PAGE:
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surest seal upon the reality of His sufferings. It proves that the awful scene on Calvary was no shadowy picture, no figment of man's invention, but a thing that actually occurred. It shews that the pure and spotless One did indeed pay the penalty of our sins; that Elias did not come to save Him, that He drunk the cup to the dregs; that His life was forfeited for our life; that He "poured out His soul unto death."

Let us remember it always, and with all thankfulness-thankfulness, not unmixed with awe and deep trembling of our soul before God! Let us learn to see in the most precious death of Jesus Christ, a death attested by His Burial, the only remedy for our guilt, the only ground of our pardon. And let us remember this also, that as Christ died for our sins, and was buried, so have we a death to die, yea, even while we live here, a death unto sin. Let us remember that it is by our dying this death, by "continually mortifying all our evil and corrupt affections,” crucifying the flesh with its affection and lusts, that we become "planted together in the likeness of His death,” and capable, through His merits, of the blessedness which shall be revealed hereafter. For, as St. Paul writes, “if we be dead with Christ, we believe that we shall also live with Him." "When Christ, who is our life, shall appear, then shall ye also appear with Him in glory,"


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Again, the Burial of Jesus Christ was needed as a preparation for His glorious Resurrection.

That great event—that on which our hope of living again rests—would have wanted its full proof had it not been preceded by His interment. Men cannot be said to rise who have never died. If Christ the Lord, who came down from Heaven, and was made Man for us, and for our salvation, had, by that power which was in Him, gone back to Heaven without dying, as He surely might have done, we could have had no sure pledge that we shall rise out of our graves. But when the gracious Lord submitted Himself to every part of our mortal condition, when He died and was buried, was laid a lifeless corpse in the earth, and yet after that rose again and took His Body, with flesh and bones, and all things pertaining to man's nature, and therewith ascended into Heaven-why then, we have a good hope to lean upon; we who must die and see corruption, yet now by holding on to Him, by a close and true link of fellowship with Him who is our Head, may expect to share in the power of His Resurrection. Assured as we are that Christ was buried, and that He rose again, and left His tomb, we may have cheer and comfort in the prospect of our own death, and in looking back on their deaths who have gone before us. Hereafter, our flesh shall rest in hope. The grave in which the Saviour lay is now only a lodging, not our eternal tenement. We go down into it confident that we shall not abide in it for ever; that we shall, in God's good time, awake out of our death sleep, and pass out of it to our joyful resurrection, through His merits who died, and was buried, and rose again for us, Jesus Christ our Lord !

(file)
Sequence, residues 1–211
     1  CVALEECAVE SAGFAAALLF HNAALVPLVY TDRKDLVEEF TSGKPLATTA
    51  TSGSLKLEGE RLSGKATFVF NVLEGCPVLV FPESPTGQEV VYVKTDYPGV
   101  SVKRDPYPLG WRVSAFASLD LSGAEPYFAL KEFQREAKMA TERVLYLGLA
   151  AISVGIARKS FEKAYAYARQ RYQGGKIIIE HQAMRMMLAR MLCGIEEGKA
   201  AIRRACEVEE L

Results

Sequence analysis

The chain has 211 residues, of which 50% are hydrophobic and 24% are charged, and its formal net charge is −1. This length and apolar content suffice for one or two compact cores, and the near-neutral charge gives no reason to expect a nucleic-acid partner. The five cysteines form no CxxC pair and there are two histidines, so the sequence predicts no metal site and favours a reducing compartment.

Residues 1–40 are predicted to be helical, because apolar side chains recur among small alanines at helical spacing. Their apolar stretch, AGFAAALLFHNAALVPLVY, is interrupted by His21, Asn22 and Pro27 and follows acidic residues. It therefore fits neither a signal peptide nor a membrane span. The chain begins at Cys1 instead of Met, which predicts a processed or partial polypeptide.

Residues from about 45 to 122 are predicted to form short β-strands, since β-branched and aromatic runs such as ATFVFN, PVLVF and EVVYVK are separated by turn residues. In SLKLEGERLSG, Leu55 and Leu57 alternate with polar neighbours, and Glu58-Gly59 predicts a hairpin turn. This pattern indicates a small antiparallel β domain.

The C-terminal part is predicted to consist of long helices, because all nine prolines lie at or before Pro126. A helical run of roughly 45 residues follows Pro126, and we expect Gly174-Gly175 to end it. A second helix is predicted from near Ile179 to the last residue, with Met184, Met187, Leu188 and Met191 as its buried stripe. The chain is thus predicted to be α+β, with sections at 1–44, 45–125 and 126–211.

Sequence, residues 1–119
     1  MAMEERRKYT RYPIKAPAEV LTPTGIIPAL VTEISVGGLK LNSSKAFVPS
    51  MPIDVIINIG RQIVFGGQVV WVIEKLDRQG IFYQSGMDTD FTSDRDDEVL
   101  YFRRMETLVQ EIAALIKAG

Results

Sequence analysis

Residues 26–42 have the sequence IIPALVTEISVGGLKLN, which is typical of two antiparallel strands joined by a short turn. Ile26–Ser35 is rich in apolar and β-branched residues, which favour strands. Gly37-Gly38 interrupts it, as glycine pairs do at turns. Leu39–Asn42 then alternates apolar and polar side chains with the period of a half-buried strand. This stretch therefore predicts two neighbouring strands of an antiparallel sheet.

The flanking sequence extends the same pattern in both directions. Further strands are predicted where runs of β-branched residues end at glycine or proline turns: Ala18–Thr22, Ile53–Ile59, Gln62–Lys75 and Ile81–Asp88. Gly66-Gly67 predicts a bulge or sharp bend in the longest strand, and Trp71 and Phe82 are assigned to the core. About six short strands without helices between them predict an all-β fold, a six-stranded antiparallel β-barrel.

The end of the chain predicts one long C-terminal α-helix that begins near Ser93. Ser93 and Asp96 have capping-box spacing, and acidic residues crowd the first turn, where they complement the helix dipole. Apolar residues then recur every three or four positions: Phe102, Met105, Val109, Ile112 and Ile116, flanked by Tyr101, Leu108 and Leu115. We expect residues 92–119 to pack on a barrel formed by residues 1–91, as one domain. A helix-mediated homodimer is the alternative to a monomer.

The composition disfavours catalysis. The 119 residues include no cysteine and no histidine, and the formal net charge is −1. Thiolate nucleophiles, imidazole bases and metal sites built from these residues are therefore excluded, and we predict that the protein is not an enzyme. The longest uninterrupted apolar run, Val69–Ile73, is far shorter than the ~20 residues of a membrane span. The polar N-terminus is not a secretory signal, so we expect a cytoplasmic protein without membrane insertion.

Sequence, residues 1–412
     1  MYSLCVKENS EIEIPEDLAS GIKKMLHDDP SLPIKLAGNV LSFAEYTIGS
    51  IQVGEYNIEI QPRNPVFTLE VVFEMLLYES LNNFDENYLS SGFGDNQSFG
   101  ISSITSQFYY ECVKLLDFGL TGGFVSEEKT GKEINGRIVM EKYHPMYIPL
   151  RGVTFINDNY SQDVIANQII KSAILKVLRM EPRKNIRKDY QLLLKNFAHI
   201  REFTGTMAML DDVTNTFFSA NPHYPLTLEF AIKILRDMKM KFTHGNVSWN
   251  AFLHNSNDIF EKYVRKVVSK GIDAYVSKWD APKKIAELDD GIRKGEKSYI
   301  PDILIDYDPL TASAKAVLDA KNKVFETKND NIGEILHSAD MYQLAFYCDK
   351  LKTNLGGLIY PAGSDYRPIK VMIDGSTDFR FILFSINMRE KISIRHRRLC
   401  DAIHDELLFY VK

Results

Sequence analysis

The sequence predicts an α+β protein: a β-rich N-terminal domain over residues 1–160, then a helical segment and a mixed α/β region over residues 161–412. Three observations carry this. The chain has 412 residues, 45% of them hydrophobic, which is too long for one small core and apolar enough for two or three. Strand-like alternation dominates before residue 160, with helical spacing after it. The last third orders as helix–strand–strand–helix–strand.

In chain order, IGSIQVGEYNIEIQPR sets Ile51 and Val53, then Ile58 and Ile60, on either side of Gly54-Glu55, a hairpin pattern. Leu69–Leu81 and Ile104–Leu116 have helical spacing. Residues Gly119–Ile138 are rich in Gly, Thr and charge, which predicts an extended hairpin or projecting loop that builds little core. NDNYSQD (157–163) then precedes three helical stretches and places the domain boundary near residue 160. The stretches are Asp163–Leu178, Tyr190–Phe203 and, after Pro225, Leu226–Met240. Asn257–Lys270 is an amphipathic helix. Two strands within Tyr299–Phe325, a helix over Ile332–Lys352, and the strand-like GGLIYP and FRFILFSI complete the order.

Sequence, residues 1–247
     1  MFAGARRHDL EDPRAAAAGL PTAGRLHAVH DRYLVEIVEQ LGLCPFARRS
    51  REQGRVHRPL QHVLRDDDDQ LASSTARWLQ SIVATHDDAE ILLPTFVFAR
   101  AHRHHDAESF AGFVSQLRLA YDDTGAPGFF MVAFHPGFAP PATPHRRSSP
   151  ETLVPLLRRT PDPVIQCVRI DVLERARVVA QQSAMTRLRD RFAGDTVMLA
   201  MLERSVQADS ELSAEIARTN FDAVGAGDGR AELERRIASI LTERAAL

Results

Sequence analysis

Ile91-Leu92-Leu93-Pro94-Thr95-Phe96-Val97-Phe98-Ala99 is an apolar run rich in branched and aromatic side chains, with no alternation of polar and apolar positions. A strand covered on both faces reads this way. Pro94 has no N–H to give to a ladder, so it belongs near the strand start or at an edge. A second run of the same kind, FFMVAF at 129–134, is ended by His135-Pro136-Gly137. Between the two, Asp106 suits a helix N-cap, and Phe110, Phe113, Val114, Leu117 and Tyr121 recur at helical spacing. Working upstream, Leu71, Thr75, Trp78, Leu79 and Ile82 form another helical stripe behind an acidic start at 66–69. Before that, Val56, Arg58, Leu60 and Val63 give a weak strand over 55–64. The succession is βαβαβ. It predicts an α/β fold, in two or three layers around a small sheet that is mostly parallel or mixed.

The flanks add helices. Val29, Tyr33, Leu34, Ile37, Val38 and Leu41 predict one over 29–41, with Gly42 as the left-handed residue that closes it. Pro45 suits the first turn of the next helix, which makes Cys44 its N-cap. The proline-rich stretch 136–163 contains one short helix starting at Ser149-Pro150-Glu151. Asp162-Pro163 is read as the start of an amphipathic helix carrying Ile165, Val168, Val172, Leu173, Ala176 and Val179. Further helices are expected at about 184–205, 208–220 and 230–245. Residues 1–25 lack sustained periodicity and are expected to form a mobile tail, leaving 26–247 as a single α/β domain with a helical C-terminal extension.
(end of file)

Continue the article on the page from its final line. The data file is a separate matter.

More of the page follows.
Laster Day.


“This is the day which the Lord hath made, we will rejoice and be glad in it.”

THESE words are found in Psalm cxviii., the last of the three Psalms appointed to be read in the Service for this evening. It is easy to see the fitness of that Psalm, originally sung by a king of Israel, on an occasion of a solemn entry into the Temple. It has been applied to our Church, to the great event, which we commemorate to-day-the Resurrection of Jesus Christ from the dead. It is looked upon as a triumphant hymn; all throughout are notes of thanksgiving, and all throughout are allusions to Christ, and to His outcry, and the defeat of His enemies. “Thou

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hast thrust sore at me that I might fall, but the Lord was my help. I shall not die, but live, and declare the works of the Lord." Open me the gates of righteousness, that I may go into them and give thanks unto the Lord.” The same stone which the builders refused, is become the head-stone in the corner. This is the Lord's doing, and it is marvellous in our eyes. This is the day that the Lord hath made, we will rejoice and be glad in it. It is clear, then, as I said, why our Church selects the hundred and eighteenth Psalm for Easter Day. It is full of the great tidings of a risen conquering Lord-a Psalm of rejoicing, and a giving of thanks to Almighty God, who, through His only begotten Son, Jesus Christ, has overcome death, and opened unto us the gate of Everlasting life. And those tidings are beyond all others of importance to man, the greatest, the gladest, charged with most stupendous consequences.

The day on which the Lord rose from the dead has gained its name amongst us from that glorious event. It is called before all other days, the Lord's day, the day of days, the day that has no peer, a day of holy rejoicing. Yes! we will all rejoice, and be glad in it. If there come one day above all others in the year on which it becomes a Christian to be in gladness, to put away his sorrow, to be lifted up in heart, it is Easter Day.

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